Unlike the virus and fever we are currently concerned with, there’s an ailment that specifically targets hunters and can strike at any time: buck fever. I don’t hear that expression as much as I used to, but I know the malady is still alive and thriving, especially in deer season.
The dictionaries define buck fever as “a nervousness felt by a young hunter when they first sight game.” I guess that’s a safe definition, but most hunters know there is more to it.
First, the phenomenon is not exclusive to young hunters. Even highly experienced old timers are not immune, and most of us are afflicted more than once in our hunting careers. Symptoms can be numerous and can include uncontrollable shaking, irregular breathing, problems speaking, “freezing up” and more. Most of this is caused by a big shot of adrenaline and has long been recognized as a real problem, the phrase being commonly used back in the 1840s.
In spite of the name, the problem doesn’t always pertain to bucks, or even deer in general. It’s true that a young hunter spends a lot of time anticipating and talking about that first buck, and there is no doubt real anxiety when the deer is finally sighted. I’ll be the first to admit, however, that deer are not the only game animals that can cause this condition.
One of my most embarrassing moments in hunting occurred while hunting with my dad. We were in the Marshburg area, and had just headed into a spot that we thought might produce a turkey for us. We also scouted for deer sign while we were there. We had only gone 80 or 100 yards into the woods and were still discussing how to proceed, when Dad pointed straight ahead, saying, “Rog, look.”
Right in front of us within easy shotgun range, was a long line of turkeys walking almost perfectly single-file from our left to right. I know it was expected that I should shoot, especially since Dad was still pointing and saying “shoot!” I had the bead of my shotgun on a hen trotting between trees, but got distracted by a big gobbler who ran past the bird I had aimed at. Then they kept coming, at least a dozen, and I kept aiming but not shooting. I was completely flustered by all those “easy” targets at once. I wasn’t a kid when that happened and I fancied myself an accomplished hunter with lots of experience with game, including turkeys and deer. Dad looked at me and simply said, “Couldn’t get a clear shot, huh?” Right, Dad.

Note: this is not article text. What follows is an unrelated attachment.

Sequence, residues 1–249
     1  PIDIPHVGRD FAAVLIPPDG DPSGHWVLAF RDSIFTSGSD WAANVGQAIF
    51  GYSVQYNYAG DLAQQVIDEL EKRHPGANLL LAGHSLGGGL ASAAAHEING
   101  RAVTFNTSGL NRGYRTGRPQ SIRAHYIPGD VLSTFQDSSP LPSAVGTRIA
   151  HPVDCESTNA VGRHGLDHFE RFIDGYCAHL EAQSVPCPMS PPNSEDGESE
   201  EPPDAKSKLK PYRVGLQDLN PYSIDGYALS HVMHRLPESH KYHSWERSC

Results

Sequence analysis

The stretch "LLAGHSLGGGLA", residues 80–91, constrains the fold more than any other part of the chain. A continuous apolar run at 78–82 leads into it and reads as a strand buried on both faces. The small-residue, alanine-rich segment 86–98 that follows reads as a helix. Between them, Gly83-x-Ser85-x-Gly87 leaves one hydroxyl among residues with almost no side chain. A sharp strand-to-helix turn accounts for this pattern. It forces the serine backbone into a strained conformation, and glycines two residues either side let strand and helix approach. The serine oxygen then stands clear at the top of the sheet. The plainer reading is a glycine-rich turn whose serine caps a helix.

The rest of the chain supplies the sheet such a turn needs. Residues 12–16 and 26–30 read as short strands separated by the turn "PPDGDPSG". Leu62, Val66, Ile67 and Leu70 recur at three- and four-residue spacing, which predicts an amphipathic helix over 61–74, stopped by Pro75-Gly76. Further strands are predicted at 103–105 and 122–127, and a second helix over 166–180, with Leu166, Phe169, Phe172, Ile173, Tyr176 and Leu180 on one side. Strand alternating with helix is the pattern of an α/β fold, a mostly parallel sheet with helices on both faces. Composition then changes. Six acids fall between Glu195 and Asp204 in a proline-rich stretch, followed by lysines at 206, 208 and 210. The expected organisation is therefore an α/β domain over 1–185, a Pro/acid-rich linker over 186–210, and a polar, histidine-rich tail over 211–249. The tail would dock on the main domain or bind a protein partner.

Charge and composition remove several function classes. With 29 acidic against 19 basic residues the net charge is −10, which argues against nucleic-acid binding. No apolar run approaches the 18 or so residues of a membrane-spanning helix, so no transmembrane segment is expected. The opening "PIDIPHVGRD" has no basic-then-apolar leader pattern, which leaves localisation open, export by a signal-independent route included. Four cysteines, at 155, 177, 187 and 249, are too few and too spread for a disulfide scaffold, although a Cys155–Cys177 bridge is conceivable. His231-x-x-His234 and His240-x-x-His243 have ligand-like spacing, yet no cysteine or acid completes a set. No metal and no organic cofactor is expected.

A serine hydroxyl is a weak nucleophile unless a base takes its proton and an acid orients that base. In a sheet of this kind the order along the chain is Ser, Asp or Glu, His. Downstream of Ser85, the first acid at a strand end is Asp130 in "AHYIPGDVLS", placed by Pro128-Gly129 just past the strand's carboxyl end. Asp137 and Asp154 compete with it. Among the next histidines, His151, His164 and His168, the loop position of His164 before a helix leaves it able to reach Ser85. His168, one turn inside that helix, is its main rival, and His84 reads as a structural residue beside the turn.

Buck fever is often viewed as part of the hunting experience that can later be referred to with good-natured joking about the bug-eyed guy staring with open mouth, frozen, while the trophy maybe stares back before darting off, gone forever. The opposite reaction to the fever can often be seen, as well. Instead of being temporarily paralyzed, the otherwise level-headed, calm hunter throws his gun up and yanks ferociously on the trigger, probably forgetting to take off the safety. He finally gets the gun to fire, missing by only three or four feet.
Looking back on several decades of hunting, I can remember a few classic examples I witnessed. One incident happened in New York state, back when we had to use shotguns with slugs for deer. It wasn’t uncommon to hear a barrage of shots being fired in the general direction of one or more deer until the pump guns and/or autoloaders went empty. Throw in a little buck fever and things could get pretty hectic (and profitable for the ammo companies).
On one occasion, I was sitting peacefully on a stump, having a snack. A shot was fired nearby; close enough to make me spin in that direction just in time to hear a whole series of shots from the same gun, fired with unusually impressive speed. One slug was apparently chasing another out of that barrel. After the shooting stopped, I carefully worked my way in that direction to see the results. I soon spotted the shooter, stuffing more shells into his Ithaca pump. Not seeing any deer lying around, I asked if he might have hit one and if he needed any help. As he fumbled to get the last new shells into his gun, he explained that there had been a “whole bunch of deer” but he didn’t hit any. He then commented that by next year, he would buy an automatic instead of his old pump gun. I silently hoped I wouldn’t be around for those fireworks.
I don’t want to give the impression that this chaos only happens in firearms season, but I’ll save a few archery stories for another time.
We can make efforts to control some of the effects of this pesky problem. According to a study done at Texas A&M University, they suggest taking deep breaths when you get excited and put in lots of practice with your weapon and train until your use of all your equipment becomes natural behavior, like riding a bike or driving your car to work.
On the other hand, what fun would hunting be without the excitement and adrenaline rush? Like one old-timer told me long ago, “If I ever get so that I’m not excited when I see a deer, I’ll quit hunting.”
(Roger Sager, an Era outdoor columnist, can be reached at firstname.lastname@example.org.)